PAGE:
However, when it comes to the amount you will still pay after the health insurance company has agreed to support you (your copay), you may still find that BetterHelp would be cheaper if you apply for financial aid through them.
Going for BetterHelp will also keep your insurance premiums down by avoiding the need to make a claim.
Essentially, it’s great that Talkspace is covered by a large number of health insurers, but it’s important to perform a complete cost comparison to see what you’ll actually end up paying with each provider.
BetterHelp vs Talkspace user experience (UX)
When looking for online therapy, especially for the first time, it’s important to find a platform with a good user experience.
Whether you connect with your therapist through a mobile app or web browser, it’s important that the service is intuitive and easy to use.
In general, Talkspace and BetterHelp offer a great UX. We’ve compared the two platforms and their ease of use below.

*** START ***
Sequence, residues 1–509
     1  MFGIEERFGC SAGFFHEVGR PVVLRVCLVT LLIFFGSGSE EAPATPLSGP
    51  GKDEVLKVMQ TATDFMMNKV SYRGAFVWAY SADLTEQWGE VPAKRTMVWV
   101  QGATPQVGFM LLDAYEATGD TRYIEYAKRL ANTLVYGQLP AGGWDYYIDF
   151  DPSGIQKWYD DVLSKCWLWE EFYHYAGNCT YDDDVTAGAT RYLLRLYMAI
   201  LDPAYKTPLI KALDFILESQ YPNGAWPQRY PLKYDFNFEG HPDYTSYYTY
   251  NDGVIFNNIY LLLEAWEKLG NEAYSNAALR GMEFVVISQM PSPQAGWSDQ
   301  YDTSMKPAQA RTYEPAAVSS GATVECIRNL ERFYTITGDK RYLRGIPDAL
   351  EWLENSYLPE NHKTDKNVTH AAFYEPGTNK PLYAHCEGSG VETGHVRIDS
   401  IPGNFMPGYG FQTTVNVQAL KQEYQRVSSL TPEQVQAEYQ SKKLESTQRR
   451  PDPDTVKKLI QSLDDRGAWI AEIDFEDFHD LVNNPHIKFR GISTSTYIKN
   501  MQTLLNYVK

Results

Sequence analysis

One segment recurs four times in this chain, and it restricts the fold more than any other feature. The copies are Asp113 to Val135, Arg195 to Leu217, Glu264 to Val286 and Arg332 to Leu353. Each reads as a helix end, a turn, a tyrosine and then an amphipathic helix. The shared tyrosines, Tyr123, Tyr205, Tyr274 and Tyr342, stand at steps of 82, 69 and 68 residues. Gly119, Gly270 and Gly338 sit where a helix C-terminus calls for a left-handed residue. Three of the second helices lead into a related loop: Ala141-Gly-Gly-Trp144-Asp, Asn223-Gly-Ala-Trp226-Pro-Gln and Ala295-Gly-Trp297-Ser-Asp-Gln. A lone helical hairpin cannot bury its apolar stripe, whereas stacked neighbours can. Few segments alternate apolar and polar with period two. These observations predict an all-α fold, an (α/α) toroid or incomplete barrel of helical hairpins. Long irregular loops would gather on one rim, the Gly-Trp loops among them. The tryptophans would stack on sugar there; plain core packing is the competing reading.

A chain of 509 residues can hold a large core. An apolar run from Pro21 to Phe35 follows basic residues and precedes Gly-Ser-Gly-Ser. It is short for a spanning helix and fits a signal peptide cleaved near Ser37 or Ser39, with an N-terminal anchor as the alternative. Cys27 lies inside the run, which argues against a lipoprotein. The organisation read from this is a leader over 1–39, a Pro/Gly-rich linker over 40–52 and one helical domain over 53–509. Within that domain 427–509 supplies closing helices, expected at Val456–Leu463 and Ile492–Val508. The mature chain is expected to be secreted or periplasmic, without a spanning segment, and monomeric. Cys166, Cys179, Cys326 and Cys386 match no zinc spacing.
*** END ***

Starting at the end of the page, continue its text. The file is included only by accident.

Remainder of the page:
When you use the Talkspace app on the App Store or Google Play, it’s generally a good experience, although there’s a little hiccup at the beginning.
Talkspace tries a little too hard with their five instructional videos that appear on the app. When you first download the app, they try to get you to watch these explainers, which while helpful, do take a bit of time to get through.
After going through the onboarding process and watching the videos, the Talkspace app offers quite a good user experience. The text messaging interface is excellent, and is very similar to any other modern messaging app, such as WhatsApp.
Most of your therapy will be using this medium as you discuss your difficulties with your therapist, and having a video chat with your counselor on the app is also a smooth experience.
When it comes to video chat or voice messaging, these are only available on an app and not via the Talkspace website. Communication with your therapist will occur through the mobile app, unless you just use the text messaging function.